Loose Muse: poetry, stories and a ukelele
Last night I went to Winchester Discovery Centre for my first Loose Muse event. I’d heard about them from friends who write fiction, but this one centered on poetry. Run by Sue Wrinch, Loose Muse celebrates literary women.
I apologise now for missing out a whole load of people’s names from this account. If I’d been more on the ball, I’d have realised I would want to blog and maybe made a list and, you know, done some research. Bloody poets. Can’t trust them to be professional reporters.
Top of the bill was Rhian Edwards, who had been persuaded to bring her ukelele along as well as her fabulous poems. Full disclosure: I already knew I’d love her performance, not only because my Welsh half pulls that way, but also she was half the judging panel awarding me the Cardiff prize last summer. A decision of two halves, then, which happily is the correct one. She was brilliant. Anyone who can calmly clasp their hands behind their back and recite all their work BY HEART is special. When that person reaches to a nearby table and straps on a uke … well. She delighted us with poems from her collection Clueless Dogs: in turns funny, playful and melancholy. My only regret is forgetting to ask her to sign the copy I bought later.
We had Open Mic after the interval, which because of the hoards of poets wanting to read (take a moment to imagine a hoard of poets) was restricted to one poem each. Being me, I’d brought along five so I could dither right up to the last minute. In the end, carefully reading the mood of the room and telltale expressions of audience members, I selected one about nose-picking. I think it brought just the right amount of squirm factor. (Yes I also had serious ones with big words. Sometimes you have to go with your inner silly.)
I heard a stream of clever, articulate, talented writers reading poems about love, the 11-plus, loss, talking plants, invoking religious ceremonies and more. It was incredibly varied and fantastic to listen to. Sue had even generously made room for frankly over-qualified and giddily successful novelist (my description, and I think you’ll find it’s a fair one) Claire Fuller, who read a tiny piece of fiction about a boy who ran away from home for less than a day.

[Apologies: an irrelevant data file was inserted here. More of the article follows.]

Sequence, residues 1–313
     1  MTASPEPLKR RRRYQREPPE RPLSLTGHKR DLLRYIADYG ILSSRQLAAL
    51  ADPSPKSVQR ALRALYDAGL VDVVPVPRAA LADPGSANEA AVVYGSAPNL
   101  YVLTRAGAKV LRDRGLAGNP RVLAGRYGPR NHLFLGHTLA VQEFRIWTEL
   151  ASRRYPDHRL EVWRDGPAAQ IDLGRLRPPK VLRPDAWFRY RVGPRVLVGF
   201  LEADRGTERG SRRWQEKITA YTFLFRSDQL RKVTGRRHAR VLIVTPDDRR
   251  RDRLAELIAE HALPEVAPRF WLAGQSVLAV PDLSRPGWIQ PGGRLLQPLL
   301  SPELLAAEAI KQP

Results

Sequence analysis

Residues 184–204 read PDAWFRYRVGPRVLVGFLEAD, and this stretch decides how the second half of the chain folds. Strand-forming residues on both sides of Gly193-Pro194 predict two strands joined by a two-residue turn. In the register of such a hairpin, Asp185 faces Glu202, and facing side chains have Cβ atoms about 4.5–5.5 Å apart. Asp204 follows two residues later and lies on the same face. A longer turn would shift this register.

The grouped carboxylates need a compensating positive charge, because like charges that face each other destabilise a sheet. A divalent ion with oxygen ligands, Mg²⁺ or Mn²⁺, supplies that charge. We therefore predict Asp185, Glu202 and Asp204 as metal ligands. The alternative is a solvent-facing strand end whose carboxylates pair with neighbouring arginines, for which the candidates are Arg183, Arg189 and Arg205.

[As an aside, I think interleaving flash fiction like this into poetry readings works really well. The nature of it is somehow the same: brevity and punch. We should do it more.]
Two local writers closed the evening.
Helen Whitten won the Winchester Writers’ Festival poetry competition in 2013. [Another aside: in a bizarre coincidence I met Helen recently at a poetry performance workshop run by Live Canon at RADA. Poets from all over the place were there, yet we discovered we both live in the same road. Plus she wants to learn the cello, so I’ve offered to start her off. No, you didn’t need to know that but it’s interesting, dammit.] She read a number of her poems, which look acutely at the world and dare you not to examine your prejudices. Beautiful language, and one in particular relating a shocking incident that left us reeling. That is powerful writing at work.
The final reader was a local short story writer I hadn’t previously known: Rebecca Lyon. She read a story that had me giggling all the way through, and performed it perfectly, inhabiting her characters so completely the way she changed her voice seemed the least of it. If I tell you it was about a defecating cat and succulents and crossing into the dangerous part of an estate, you won’t understand. It was hilarious and touching, and a great way to end the evening.
PS: If you’re interested, this is the one I chose to read. It is very silly, and probably sounds better out loud.
You should never pick your nose
in a glass-walled lift, gliding up
the Lloyds Building, no less.
Little is endowed with less appeal.
He may well be vital to a deal:
incisive and assured but sadly blind
to those poor watchers idling below.
And yet, he should have known
the properties of glass. I guess
it could have been much worse.
I froze, highly priced cashew at my lips,
transfixed while he rummaged deep.
He rose too high to see withdrawal
but an extracted fingertip was licked,
so I imagine it was not a wasted excavation.
He plunged with purpose through the airlock,
moolah warlock, scenting money’s breath,
which must have called him ever stronger
now obstructions no longer lingered unfingered.
I replaced my nut, suddenly without appetite
for a small, salty bite, and pitied the next hand
he would shake at his meeting. Would he use
the one so recently employed for eating?